At any given time, there is only a handful of people who are truly canned in the zeitgeist.
In music at the moment it is Kendrick Lamar; in fashion, Virgil Abloh; in film it is Dwayne Johnson. You can add author Michael Pollan to the list.
His book from 2006 The Dilemma of the Omnivore was part of a seismic shift in which readers and eaters began to ask where their food came from, how it was produced and who was sewn on the way (the farmers, the animals, the planet) to get it on your plate. By the time the 10th anniversary edition was released, it had sold more than two million copies. But this year he shifted his focus from the stomach to the brain How you can change your mind – The new science of psychedelics and cemented his rep as a writer on the edge of public consciousness. The starting point was the concept of microdosing – a red-hot trend in Silicon Valley and beyond – where the most sideways thinkers use small amounts of LSD, which are subperceptual & # 39; generate effects that can improve mood, productivity and creativity. A smart drug for smart people, if you believe the hype.
Pollan has typically built on this by replacing the microdosing with macrodosing. By which we meant that he used drugs. A lot, a lot of medication. In quantities that people say The New York Times, "feel the colors and smell the sounds". Whether or not he knew it at that moment, he almost always opened the doors of the observation a little when it came to psychedelic drugs and their potential benefits.
In addition, he has deployed a budding movement in which recreational drugs, such as LSD, mushrooms, marijuana, ketamine and MDMA, show a glimpse of clinical promise where conventional medicines are not. It is in the area of mental health that the results are clearest. And that is a good thing too, because for all the increasing openness that we have about discussing this plague, the numbers do not decrease.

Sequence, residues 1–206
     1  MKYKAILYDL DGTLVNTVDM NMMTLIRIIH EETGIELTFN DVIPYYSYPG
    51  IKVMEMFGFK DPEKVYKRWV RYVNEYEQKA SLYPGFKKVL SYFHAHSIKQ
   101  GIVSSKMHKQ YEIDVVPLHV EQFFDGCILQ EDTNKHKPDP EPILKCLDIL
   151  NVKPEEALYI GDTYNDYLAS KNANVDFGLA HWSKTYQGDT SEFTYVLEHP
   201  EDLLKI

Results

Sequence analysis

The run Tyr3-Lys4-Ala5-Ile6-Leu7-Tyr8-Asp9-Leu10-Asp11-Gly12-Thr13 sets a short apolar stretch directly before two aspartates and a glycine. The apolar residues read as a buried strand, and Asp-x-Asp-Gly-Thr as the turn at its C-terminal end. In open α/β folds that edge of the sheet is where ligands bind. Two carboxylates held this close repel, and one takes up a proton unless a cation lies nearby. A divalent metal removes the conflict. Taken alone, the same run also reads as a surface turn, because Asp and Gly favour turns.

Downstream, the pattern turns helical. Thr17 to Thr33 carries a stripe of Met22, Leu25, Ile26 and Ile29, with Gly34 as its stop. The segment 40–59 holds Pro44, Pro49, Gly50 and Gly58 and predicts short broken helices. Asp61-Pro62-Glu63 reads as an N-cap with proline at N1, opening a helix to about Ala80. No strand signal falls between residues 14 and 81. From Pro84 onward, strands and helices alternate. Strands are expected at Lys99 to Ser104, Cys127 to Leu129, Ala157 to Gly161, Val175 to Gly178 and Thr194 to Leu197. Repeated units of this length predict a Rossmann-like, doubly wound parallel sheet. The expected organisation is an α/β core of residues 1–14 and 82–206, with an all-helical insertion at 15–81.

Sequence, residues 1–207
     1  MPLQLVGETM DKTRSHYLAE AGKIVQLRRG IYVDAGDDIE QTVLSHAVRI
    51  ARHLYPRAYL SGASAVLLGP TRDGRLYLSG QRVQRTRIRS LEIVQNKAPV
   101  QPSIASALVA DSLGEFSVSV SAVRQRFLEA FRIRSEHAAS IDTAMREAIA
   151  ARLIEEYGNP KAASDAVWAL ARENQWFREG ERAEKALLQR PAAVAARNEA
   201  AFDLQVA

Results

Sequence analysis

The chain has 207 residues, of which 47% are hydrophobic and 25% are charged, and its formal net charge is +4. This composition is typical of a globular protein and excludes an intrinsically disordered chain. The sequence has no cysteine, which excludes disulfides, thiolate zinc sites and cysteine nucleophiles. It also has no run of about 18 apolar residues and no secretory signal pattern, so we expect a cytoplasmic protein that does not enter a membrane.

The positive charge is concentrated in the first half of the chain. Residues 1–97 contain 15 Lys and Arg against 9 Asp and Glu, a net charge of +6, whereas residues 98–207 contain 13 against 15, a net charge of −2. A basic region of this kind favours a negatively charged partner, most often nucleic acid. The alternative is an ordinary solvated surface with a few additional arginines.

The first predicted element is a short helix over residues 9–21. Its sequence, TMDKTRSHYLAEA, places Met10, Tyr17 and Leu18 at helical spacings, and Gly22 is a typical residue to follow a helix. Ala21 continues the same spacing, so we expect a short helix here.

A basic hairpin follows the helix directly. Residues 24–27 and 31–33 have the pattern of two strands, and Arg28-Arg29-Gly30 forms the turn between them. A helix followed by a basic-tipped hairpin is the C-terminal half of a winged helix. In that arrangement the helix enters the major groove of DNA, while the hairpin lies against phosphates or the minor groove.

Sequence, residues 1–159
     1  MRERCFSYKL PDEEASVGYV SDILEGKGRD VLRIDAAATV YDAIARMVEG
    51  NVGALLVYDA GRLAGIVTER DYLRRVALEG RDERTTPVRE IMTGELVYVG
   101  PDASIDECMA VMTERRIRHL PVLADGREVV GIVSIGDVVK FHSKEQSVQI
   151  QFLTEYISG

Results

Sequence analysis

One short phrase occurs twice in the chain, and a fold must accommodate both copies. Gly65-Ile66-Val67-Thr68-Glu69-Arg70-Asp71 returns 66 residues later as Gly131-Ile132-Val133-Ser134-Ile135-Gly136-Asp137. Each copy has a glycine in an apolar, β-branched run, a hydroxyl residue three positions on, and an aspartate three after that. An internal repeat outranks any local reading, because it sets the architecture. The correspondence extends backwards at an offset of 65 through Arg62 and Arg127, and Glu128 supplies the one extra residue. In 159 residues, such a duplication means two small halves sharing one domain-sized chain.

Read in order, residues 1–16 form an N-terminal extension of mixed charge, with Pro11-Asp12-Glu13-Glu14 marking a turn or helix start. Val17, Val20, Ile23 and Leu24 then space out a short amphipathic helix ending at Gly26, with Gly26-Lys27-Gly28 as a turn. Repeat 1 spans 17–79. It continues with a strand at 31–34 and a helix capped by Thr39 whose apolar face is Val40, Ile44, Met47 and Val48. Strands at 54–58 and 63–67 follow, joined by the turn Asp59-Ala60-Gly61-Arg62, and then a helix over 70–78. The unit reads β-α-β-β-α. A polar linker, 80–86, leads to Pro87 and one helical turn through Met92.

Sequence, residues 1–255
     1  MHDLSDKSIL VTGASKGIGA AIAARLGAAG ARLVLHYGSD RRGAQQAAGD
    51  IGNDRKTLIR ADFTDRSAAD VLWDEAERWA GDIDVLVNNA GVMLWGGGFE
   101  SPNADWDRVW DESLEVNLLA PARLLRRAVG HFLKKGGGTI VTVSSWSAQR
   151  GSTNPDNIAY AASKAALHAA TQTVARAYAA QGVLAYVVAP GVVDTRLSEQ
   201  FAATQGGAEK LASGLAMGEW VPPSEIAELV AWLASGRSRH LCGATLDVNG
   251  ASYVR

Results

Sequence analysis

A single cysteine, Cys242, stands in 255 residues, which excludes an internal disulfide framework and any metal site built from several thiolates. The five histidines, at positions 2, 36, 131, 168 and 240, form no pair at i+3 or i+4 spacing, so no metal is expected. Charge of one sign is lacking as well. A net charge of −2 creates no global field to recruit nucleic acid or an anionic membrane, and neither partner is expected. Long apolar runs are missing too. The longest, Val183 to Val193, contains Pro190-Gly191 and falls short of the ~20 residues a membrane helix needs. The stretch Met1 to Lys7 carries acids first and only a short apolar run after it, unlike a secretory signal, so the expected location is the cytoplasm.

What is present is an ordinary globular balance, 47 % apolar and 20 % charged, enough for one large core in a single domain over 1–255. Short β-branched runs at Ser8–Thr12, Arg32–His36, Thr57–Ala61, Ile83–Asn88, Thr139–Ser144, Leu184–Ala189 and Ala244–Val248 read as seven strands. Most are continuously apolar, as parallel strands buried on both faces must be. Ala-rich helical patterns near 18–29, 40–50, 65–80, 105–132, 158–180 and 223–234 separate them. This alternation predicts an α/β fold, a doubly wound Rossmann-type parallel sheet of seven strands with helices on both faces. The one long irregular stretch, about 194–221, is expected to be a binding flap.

Quite the opposite.
In April of this year GGZ group Medibio questioned 3500 Australian employees from 41 organizations from different sectors and found that 36 percent had depression and 33 percent fear. In the statistics of 2007, on the other hand, the fear is at 14 percent and the depression at six percent.
Part of this leap is undoubtedly due to the fact that people talk more comfortably about these issues and seek help. That is very good. However, it is equally clear that the current approach to counseling in combination with the most common drugs – selective serotonin reuptake inhibitors (SSRIs) such as Lexapro – does not work for everyone. Nothing does and nothing will ever happen, but in laboratories all over the world go-to party drugs for everyone, from bushmen to EDM enthusiasts, yield results that are beginning to overshadow their damaged reputation.
One is MDMA, which was invented in 1912 by a German pharmaceutical company to help medicines that control bleeding. It started for the first time in the dance party scene in the middle of the 80s and quickly became part of these events as well as tolerating Armand Van Helden, wild breeding and finding conversations with strangers to be fascinating. At best, manufactured under questionable conditions, there are clear risks associated with recreational use. But transfer the institution from club to clinic and another picture appears. Especially as a potential treatment for people with post-traumatic stress disorder (PTSD).
In a study conducted by the Multidisciplinary Association for Psychedelic Studies in the United States, 56 percent of 107 subjects no longer qualified for PTSD after treatment with MDMA-assisted psychotherapy, measured two months after treatment. At the follow-up after 12 months, 68 percent had no more PTSD. "Most subjects received only two to three sessions with MDMA-assisted psychotherapy, all participants had chronic, treatment-resistant PTSD and had an average of 17.8 years of PTSD," said MAPS Director of Strategic Communications Brad Burge.
A separate study conducted by the Medical University of South Carolina on an admittedly small group of 26 first responders and military personnel concluded: "Active doses (75 mg and 125 mg) of MDMA with adjunctive psychotherapy in a controlled environment were effective and well tolerated reducing PTSD symptoms. "